If you got an algorithmic penalty, you are not required to submit a reconsideration request – but can simply submit the disavow and wait for the data refresh to happen and your rankings to get back up. But, you can still submit a reconsideration request – and this will force Google to look at your case faster than if you do not submit one.
So, it does have its advantages.
If your site has been hit very hard by an algorithmic penalty (i.e. many of your rankings have dropped) – and you are in a very desperate situation and require Google to analyze things faster than wait for a data refresh to happen which could take weeks – then I suggest you go ahead and submit the reconsideration request. However, if your site has only been affected mildly by an algorithmic penalty, and if you can wait it out – then you can simply do only the disavow tool submission and play the wait and watch game.
In the event that your site has shady content and is not up to the mark – you may want to stay clear of any manual review by Google and thus getting slapped with a manual penalty (Panda related in this case). If you fear this – then it may just be better to submit the list via the Disavow Tool and hope that Google processes your submission and de-indexes your unhealthy links – thereby tripping the algorithm to automatically rank your site back higher up again.
Should you Disavow NoFollow Links?
Since NoFollow links do not pass any Link Juice (postitive or negative) as per Google’s guidelines you should not Disavow NoFollow links, even if they look unnatural and are of low quality. These links are ignored by the googlebot and you do not need to do anything with them. You do not even need to analyze them. Just work on DoFollow links only!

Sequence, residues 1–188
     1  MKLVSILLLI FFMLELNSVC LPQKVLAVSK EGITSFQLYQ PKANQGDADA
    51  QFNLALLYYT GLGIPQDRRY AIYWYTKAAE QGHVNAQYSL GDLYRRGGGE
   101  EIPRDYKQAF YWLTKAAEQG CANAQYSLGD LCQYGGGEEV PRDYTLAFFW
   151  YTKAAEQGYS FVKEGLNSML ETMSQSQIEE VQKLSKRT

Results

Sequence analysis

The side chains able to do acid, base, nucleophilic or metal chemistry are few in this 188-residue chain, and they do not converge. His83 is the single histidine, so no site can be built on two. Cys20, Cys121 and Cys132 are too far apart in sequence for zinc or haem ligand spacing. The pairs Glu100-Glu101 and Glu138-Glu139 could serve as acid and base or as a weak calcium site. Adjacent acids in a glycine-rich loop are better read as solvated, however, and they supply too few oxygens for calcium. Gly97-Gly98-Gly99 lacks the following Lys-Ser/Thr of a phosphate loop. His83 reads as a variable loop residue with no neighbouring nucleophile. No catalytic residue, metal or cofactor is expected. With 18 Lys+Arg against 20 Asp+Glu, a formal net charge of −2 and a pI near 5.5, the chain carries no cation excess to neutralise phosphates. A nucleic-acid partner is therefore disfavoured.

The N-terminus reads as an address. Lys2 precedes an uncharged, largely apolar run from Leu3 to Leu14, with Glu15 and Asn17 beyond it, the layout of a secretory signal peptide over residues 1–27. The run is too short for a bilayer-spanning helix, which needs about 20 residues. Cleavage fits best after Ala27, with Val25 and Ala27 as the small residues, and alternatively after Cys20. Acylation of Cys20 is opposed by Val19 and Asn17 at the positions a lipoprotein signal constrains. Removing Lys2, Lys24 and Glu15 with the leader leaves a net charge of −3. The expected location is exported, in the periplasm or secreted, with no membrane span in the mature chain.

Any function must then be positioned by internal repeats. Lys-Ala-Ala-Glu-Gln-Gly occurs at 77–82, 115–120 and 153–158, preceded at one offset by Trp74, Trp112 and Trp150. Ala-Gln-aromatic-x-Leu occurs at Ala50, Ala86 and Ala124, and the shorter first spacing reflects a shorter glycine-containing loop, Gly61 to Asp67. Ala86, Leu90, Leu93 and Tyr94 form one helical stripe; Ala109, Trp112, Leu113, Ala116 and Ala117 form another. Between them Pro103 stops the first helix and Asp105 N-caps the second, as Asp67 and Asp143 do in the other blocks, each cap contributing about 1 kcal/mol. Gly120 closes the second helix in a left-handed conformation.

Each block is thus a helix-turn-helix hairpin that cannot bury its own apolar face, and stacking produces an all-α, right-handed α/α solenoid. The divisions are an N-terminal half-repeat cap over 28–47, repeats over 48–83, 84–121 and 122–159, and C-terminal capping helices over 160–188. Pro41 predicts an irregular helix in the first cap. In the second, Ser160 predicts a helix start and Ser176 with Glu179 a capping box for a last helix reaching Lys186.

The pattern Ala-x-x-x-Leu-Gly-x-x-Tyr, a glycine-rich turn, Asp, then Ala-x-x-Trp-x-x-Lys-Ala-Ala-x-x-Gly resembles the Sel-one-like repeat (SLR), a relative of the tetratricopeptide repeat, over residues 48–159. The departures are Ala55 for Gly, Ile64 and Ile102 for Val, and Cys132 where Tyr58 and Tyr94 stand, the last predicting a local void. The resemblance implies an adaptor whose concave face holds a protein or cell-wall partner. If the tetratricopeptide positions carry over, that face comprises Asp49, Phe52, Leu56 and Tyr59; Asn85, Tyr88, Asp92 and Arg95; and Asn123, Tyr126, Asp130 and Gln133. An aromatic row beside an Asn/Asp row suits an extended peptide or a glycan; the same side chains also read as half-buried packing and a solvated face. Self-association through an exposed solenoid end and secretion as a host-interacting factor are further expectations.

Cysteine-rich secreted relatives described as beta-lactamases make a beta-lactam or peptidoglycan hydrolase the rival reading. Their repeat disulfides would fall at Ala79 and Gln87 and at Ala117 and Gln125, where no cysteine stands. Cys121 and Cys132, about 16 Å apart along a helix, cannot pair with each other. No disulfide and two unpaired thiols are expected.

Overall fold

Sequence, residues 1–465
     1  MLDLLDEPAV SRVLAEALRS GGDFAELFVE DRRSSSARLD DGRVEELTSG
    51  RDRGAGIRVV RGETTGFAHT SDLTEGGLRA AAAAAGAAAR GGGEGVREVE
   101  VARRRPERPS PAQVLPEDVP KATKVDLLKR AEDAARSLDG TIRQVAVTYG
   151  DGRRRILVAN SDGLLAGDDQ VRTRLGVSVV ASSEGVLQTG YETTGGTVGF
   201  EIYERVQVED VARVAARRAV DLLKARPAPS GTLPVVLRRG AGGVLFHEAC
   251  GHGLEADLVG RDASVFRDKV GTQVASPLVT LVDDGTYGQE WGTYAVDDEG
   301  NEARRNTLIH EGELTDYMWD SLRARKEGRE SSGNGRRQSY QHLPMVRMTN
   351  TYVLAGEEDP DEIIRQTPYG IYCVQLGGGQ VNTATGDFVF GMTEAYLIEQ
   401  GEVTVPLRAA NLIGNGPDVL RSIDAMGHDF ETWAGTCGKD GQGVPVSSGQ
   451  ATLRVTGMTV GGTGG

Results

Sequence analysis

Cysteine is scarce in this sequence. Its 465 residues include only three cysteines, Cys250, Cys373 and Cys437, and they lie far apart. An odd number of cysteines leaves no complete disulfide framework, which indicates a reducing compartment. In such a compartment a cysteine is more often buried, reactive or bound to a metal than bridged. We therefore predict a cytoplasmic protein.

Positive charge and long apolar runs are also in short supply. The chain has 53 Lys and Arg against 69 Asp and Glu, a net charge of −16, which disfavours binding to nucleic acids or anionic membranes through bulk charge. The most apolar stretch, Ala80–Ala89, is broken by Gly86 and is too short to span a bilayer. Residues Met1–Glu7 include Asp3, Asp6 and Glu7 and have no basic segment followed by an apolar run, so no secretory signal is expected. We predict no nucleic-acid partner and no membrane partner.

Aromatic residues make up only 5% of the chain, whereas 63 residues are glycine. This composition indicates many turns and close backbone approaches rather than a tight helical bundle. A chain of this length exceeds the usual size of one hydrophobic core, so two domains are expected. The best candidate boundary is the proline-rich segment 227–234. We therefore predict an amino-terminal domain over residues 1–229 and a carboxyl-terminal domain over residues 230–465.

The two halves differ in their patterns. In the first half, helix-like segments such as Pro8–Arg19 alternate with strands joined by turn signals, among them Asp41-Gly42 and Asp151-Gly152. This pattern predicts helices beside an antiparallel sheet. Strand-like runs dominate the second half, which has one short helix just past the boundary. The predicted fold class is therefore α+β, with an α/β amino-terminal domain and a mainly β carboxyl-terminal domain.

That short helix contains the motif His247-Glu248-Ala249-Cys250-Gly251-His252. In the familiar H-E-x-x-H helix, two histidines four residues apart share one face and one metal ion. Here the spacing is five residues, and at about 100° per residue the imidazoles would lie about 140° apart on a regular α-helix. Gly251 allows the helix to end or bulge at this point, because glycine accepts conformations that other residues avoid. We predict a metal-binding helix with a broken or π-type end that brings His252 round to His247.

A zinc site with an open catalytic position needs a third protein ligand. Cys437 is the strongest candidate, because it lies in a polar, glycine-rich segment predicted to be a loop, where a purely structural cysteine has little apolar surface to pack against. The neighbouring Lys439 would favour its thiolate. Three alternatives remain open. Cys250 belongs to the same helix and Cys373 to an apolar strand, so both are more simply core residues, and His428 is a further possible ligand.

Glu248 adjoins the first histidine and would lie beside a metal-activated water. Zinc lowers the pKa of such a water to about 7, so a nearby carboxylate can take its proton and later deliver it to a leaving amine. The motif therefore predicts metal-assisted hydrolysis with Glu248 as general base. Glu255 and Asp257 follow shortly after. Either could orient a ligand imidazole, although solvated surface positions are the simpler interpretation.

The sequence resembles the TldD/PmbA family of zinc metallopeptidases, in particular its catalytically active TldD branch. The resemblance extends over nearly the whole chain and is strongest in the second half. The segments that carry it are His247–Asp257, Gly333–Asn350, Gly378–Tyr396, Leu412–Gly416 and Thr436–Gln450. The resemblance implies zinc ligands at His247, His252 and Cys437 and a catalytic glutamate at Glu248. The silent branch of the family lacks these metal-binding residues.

Reconsideration Request Checklist
Healthy Link or Unhealthy Link? 8 Questions to Ask Yourself.
Evaluating if a specific page has an unhealthy / unnatural link to your website can be a tricky process and requires some insight and experience. If you mistakenly identify a healthy link as unhealthy – you could end up disavowing a perfectly good backlink that passes good link juice to your site. On the other hand, if you miss out on classifying a link as unhealthy or a whole set of links as unhealthy – Google can reject your submission.
So, here are some basic questions to ask yourself while evaluating a backlink…
Below is a simple and a detailed flowchart of the entire link clean up process.
Disavow Tool Submission – Syntax and Submission Process
Do not include www or http:// in front of “domain:”
Most people do not catch all their unhealthy links properly throughout a suspected spammy domain. They only catch one or a couple of unhealthy links and forget to check any other pages within the domain that may be unhealthy… such as, from a directory or a spam blog. If you or your team is auditing a specific domain for unhealthy links and you suspect there might be multiple unhealthy links on other pages of the site – you need to disavow the entire domain. Make sure you do this if you have a doubt about any domain!